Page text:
Microsoft and Intel have teamed up with RM Education to bring discounted personal computing devices to UK school children, in a bid to help students improve their educational attainment and thereby raise their lifetime earnings potential.
The Shape the Future UK programme, launched this week, provides government–funded schools with discounts of more than 30 per cent off the RRP of laptops and tablets for their students and teachers from vendors such as RM, Asus and Acer.
It is hoped the scheme will stimulate the uptake of personal computing for children at home by making devices more affordable.
Citing new figures from Experian, the team behind the scheme argue that it could help increase the lifetime earnings of each student by as much as £300,000 simply by helping them obtain a computer to use at home.
The Experian findings draw on PricewaterhouseCooper research into digital inclusion, which revealed that the most effective economic results from digital inclusion were seen where children had been given access to a computer to use at home.
“I passionately believe that Shape the Future is a true force for good – as has been proven with our projects around the world. I’m thrilled that we are now bringing this programme to the UK,” says Joice Fernandes, Worldwide Leader of the Shape The Future Programme, Microsoft.
The computers use Windows 8 operating systems powered by Intel, and are pre-installed with education-based software, including Microsoft Office Professional and Kodu.
To some critics however, the move may seem little more than a knee-jerk reaction to the fanfare surrounding the Raspberry Pi, which was released at the start of the year and uses rival ARM’s processors and Linux OS.
The Raspberry Pi is a very cheap (around $30), durable, low-powered programmable computer the size of a credit card. Around 500,000 units of the Pi have been sold so far, and it is expected sales will top 1m by Christmas. The Raspberry Pi's appeal lies largely in that it seems to stimulate children to want to learn code in a very practical way.
The whole point of the Pi is that it requires a little tinkering with. My research leads me to believe that you need stuff to make it work. It’s clearly not a bundle containing everything you need. One of the things you can do is program the operating system onto the memory card.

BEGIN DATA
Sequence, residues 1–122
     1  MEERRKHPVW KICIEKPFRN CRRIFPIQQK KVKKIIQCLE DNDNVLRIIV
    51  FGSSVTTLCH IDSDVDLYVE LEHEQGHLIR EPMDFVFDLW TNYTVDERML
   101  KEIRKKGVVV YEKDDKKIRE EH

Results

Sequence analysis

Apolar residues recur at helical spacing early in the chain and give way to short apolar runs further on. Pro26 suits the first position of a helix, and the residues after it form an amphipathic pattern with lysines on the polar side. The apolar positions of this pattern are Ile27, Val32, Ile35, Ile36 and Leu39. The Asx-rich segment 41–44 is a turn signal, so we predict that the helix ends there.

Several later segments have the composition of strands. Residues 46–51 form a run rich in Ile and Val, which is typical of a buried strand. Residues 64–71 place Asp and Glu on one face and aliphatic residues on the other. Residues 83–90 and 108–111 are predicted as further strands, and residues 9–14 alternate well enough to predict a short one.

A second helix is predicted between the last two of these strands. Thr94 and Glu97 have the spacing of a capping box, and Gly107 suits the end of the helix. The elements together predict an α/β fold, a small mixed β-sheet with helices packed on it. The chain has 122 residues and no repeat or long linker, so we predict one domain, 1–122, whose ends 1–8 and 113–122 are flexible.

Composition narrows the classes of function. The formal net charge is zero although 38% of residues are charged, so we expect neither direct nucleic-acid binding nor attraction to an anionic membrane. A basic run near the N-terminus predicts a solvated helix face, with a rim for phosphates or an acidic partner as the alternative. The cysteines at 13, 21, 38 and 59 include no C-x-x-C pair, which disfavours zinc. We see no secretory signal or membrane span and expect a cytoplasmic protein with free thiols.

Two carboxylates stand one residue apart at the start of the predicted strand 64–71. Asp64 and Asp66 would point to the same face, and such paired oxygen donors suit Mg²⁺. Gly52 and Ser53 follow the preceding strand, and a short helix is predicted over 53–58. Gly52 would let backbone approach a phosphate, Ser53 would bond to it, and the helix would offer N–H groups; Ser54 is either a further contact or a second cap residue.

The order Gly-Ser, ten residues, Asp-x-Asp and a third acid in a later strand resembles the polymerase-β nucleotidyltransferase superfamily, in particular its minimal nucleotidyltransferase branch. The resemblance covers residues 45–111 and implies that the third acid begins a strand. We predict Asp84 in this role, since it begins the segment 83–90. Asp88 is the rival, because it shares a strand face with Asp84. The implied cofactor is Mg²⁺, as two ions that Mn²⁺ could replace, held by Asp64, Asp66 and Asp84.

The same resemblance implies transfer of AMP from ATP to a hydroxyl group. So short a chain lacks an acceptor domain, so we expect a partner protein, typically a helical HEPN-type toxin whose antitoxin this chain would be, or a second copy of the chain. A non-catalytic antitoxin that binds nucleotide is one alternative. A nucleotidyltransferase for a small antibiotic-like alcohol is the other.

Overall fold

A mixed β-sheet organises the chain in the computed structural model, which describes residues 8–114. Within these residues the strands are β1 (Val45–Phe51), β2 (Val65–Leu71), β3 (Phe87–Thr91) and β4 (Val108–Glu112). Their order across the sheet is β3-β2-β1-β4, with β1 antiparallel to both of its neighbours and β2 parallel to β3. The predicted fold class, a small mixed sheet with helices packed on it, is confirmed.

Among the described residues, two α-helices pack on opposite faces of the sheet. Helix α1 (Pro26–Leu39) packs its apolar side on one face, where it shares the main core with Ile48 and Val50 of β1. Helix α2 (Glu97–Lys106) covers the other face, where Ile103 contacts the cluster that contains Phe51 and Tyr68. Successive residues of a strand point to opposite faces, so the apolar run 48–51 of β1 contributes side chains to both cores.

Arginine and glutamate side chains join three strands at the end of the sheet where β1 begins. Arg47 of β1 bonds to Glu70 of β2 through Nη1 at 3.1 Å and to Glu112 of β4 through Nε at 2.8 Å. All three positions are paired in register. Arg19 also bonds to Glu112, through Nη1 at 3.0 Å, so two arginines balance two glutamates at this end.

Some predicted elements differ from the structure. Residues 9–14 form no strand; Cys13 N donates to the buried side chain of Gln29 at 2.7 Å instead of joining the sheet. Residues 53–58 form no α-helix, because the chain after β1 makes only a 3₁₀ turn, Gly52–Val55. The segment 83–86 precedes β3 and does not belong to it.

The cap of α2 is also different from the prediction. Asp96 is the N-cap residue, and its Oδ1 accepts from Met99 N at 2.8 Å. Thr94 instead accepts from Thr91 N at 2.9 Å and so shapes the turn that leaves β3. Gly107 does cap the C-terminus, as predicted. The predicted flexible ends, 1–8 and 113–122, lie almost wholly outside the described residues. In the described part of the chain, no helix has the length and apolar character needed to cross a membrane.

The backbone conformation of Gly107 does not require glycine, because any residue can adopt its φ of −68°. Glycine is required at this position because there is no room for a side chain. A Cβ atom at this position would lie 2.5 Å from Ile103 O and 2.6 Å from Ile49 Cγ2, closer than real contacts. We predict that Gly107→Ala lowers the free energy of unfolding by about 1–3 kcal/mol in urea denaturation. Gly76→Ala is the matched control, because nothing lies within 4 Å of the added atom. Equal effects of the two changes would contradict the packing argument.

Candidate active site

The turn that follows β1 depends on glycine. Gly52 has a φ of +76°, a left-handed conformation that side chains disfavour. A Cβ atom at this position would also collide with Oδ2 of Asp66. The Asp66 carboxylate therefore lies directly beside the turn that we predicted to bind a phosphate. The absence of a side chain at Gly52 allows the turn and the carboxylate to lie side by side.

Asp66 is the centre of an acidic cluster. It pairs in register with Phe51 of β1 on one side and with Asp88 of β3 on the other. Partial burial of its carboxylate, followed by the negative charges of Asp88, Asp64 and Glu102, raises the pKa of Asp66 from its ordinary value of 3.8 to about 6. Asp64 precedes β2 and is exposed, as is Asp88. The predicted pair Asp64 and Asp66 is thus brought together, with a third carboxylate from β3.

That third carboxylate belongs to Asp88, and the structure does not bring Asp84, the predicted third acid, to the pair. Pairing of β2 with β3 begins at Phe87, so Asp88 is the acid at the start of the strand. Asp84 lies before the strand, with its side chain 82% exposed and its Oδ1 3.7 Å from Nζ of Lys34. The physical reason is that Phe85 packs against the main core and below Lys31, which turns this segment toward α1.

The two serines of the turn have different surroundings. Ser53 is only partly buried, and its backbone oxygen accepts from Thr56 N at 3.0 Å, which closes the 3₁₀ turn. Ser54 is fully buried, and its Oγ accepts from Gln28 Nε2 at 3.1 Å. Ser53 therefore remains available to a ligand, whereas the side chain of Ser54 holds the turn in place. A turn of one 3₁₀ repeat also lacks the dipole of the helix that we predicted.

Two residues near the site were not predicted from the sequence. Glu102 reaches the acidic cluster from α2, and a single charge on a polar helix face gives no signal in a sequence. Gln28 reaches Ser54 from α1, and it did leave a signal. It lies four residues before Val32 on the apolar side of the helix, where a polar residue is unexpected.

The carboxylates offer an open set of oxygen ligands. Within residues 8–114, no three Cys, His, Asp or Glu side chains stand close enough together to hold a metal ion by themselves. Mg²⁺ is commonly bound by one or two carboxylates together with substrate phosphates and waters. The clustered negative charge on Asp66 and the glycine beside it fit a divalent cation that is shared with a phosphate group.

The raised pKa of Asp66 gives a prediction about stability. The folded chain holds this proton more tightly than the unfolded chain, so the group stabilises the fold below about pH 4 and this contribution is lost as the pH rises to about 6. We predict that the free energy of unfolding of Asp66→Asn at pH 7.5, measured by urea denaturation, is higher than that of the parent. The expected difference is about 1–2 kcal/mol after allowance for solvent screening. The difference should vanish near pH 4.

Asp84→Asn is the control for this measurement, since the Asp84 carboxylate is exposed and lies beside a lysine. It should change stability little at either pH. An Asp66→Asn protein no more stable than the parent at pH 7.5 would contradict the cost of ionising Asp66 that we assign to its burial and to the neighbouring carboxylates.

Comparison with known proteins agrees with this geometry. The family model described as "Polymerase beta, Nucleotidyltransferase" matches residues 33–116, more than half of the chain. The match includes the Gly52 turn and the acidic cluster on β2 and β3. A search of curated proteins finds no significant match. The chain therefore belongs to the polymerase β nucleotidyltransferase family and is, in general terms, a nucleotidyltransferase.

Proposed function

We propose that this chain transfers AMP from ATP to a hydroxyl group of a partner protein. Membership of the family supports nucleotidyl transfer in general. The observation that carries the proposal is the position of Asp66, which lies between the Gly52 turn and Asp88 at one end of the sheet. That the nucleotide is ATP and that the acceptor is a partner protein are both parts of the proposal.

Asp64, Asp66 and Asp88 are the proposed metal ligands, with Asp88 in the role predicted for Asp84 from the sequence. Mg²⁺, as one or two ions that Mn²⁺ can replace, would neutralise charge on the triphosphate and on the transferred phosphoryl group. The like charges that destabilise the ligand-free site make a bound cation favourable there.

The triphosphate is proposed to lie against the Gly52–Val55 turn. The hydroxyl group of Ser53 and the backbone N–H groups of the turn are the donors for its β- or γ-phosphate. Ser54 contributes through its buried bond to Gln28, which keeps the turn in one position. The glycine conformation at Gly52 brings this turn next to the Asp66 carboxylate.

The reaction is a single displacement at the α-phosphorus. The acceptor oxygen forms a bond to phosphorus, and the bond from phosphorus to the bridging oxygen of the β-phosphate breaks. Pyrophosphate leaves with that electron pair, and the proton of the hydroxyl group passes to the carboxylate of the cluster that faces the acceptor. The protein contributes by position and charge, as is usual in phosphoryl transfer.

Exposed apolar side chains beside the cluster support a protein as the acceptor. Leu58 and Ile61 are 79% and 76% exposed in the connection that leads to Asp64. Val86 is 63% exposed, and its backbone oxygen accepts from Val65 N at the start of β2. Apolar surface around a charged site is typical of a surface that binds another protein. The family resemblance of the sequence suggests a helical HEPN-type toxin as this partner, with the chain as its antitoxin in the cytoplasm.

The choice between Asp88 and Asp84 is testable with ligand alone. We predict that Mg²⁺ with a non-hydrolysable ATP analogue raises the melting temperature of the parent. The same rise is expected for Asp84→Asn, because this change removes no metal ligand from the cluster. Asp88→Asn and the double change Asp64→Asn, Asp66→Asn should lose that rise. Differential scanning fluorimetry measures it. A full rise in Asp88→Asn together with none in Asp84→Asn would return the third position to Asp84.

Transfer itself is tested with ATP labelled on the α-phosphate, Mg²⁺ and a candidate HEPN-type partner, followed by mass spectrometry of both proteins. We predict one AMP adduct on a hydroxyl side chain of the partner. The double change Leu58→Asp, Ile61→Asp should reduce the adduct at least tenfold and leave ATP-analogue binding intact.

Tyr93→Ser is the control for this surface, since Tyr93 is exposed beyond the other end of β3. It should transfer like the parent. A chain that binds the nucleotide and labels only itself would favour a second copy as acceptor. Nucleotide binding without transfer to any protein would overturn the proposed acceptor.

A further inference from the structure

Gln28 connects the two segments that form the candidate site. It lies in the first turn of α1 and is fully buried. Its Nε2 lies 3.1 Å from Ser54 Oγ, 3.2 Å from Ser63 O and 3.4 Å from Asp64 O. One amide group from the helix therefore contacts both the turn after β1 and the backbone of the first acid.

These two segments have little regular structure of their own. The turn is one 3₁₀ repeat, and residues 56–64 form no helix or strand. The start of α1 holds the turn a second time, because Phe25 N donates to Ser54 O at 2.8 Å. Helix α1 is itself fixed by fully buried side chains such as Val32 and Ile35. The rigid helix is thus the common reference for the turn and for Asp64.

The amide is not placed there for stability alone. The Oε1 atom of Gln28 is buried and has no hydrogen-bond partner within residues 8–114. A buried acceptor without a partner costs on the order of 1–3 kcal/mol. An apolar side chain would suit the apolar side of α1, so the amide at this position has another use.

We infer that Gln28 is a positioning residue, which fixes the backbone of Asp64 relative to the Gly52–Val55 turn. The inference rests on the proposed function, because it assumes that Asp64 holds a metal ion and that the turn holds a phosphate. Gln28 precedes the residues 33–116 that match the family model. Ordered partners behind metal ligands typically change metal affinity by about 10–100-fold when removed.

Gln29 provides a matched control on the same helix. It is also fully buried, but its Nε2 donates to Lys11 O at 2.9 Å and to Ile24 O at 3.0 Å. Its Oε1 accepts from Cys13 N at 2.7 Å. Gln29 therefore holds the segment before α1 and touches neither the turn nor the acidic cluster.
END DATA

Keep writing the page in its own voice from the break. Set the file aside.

There are also add-on boards which serve to widen the Pi’s capabilities. Miranda Sawyer, writing about the Pi in the Observer on the weekend said that these add-ons apparently give it functions like “driving motors, making lights flash” or, my personal favorite, “turning your Lego man into an actual moving robot”.
Critics may thus scoff at the Shape the Future UK initiative on the basis that it looks like a weak ploy by Microsoft and Intel to bring something, anything, of their own to the education market in the face of something a little more exciting. Could it be a somewhat cynical attempt to earmark marketshare in the education sector?
While the scheme itself doesn’t bring anything new to the table per se (other than offering a range of suitable computers more cheaply to those kids at school who are less likely to afford them) there is more to support this endeavour than initially meets the eye
Research from the e-Learning Foundation, out earlier this year, pointed to a million children's exam results being on average a grade lower than their peers this year because the students do not have internet access at home. It said that 1.2 million teenagers log on to revision pages every week and those using online resources were on average likely to attain a grade higher in exams.
The scheme could also not come at a better time for disadvantaged children, who lost out when the new coalition government came into power. It cut the Home Access scheme set up by Labour three years ago, whereby low-income families were helped to do exactly what the new scheme sets out to – be able to purchase a laptop computer for children to use at home.
Furthermore, the agency which had responsibility for encouraging the use of technology in learning, the British Educational Communications and Technology Agency (BECTA), was similarly removed by the new government.